New York filmmaker Matt Post reminds us that high school hiearchy is as important as canned-fruit pyramids in his new feature film 'Super Spree'. The film follows supermarket employee Billy as he gets the revenge all high school underdogs always dreamed about.
What it's really about: "Billy, a supermarket errand boy, combats butchers, cashiers, and his lazy boss, in an undying effort to complete his workload. His positive attitude towards the job takes turn for the worse when his enemies refuse to let him finish his hardest assignment to date, create three canned-fruit pyramids. I originally wrote the film as a satire on the bullying that has come into prominence as of late. It pokes fun at the status quo and the high school hierarchies and shows what ultimately happens to most of those people as life goes on; the little guy wins, becomes enlightened, blossoms, etc."
What inspired you to make this movie? "This movie was originally supposed to be animated. I don't remember what exactly made me want to make an animated movie but I just got this idea in my head and I couldn't let it go. Reality hit maybe at my tenth draft when Tony Mancilla, my producer, and I realized that the actual cost of making a fully drawn animation, not computer animation, was going to cost us way too much. That's when Tony mentioned the fact that he thought we could pull off live action. Lo and behold, he was right, and I think the film came out beautifully."
His outside inspiration: "Every Coen Brothers film inspires me. I love their ability to create quirky dramas and dark comedies, they have such a unique voice, and every one of their films really inspire me."
What was your single biggest challenge in developing or producing it? "Without a doubt, the biggest challenge for us was our schedule. We were shooting in a fully operation supermarket overnight. The location closed at 10pm and opened again at 6am, which was tough because every night we came we had about and hour of set decoration and lighting and then another hour of reset at the end of the night, which effectively cut my shooting time to about 6 hours each night. To make matters worse our limited budget only allowed me to have 3 shooting days."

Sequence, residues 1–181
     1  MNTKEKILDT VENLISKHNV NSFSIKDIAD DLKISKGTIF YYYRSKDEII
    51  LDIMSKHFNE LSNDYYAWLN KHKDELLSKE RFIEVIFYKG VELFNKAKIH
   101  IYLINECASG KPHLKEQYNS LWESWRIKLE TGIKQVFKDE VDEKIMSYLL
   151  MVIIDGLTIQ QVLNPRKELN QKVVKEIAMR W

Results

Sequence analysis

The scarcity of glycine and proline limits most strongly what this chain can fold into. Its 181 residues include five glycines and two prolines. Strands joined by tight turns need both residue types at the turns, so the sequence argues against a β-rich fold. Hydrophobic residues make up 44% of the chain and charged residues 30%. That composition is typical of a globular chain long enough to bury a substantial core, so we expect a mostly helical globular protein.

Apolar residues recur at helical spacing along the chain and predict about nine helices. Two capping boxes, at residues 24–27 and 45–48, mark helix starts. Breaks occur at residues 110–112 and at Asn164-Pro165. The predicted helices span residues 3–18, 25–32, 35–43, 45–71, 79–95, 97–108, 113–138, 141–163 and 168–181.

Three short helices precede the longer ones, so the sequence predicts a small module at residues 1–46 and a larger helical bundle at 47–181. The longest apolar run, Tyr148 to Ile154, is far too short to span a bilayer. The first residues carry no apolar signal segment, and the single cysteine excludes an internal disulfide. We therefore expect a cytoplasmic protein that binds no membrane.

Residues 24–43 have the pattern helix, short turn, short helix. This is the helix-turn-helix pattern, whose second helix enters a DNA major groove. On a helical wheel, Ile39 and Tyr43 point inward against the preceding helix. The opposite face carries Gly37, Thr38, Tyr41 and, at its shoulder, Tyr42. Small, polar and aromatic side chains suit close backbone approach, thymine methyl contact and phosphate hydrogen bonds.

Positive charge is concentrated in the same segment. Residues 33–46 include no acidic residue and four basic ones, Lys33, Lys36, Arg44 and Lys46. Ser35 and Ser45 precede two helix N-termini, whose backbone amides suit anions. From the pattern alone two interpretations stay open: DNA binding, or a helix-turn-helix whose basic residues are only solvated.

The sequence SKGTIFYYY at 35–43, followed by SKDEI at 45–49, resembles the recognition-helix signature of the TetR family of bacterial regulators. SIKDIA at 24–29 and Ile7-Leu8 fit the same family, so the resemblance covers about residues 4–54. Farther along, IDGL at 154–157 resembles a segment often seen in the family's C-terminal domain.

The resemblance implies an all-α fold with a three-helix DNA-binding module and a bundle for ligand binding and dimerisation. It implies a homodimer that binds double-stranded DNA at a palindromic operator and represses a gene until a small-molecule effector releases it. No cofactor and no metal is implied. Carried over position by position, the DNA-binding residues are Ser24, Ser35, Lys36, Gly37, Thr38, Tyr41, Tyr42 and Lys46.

What do you think SnagFilms audiences will respond to most in your movie? "My ego wants to say my directing and story telling, and just make it all about me (which is secretly what every director wants to say, but wont) but I think that everything melds together so well in this film, the acting, the cinematography, the music, the sound design, etc. that people will forget about who made the movie and just celebrate how the movie comes together."
What's next: "I have two shorts in the works right now and my first feature is being financed. One of the shorts takes place in the 70's with 7 year olds to be produced by a good friend, Emily Iason and Bora Bora Films. The best way I can describe it is an imaginative, quirky coming of age piece. The other short takes place in Vienna and is about a ballerina's fall from grace, this one being a drama, is also imaginative and a bit on the experimental/art house side of the spectrum, tapping into the after life and questions of God, heaven and hell, including extensive use of visual effects. The feature has a similar tone to Super Spree, a dark comedy taking place in present day New Orleans, about a man who rescues a girl from a mugging, and after receiving a cash reward from her, decides to kidnap her himself."
[Full Disclosure: SnagFilms is the parent company of Indiewire.]
Film is available to view in full length at SnagFilms.com and below: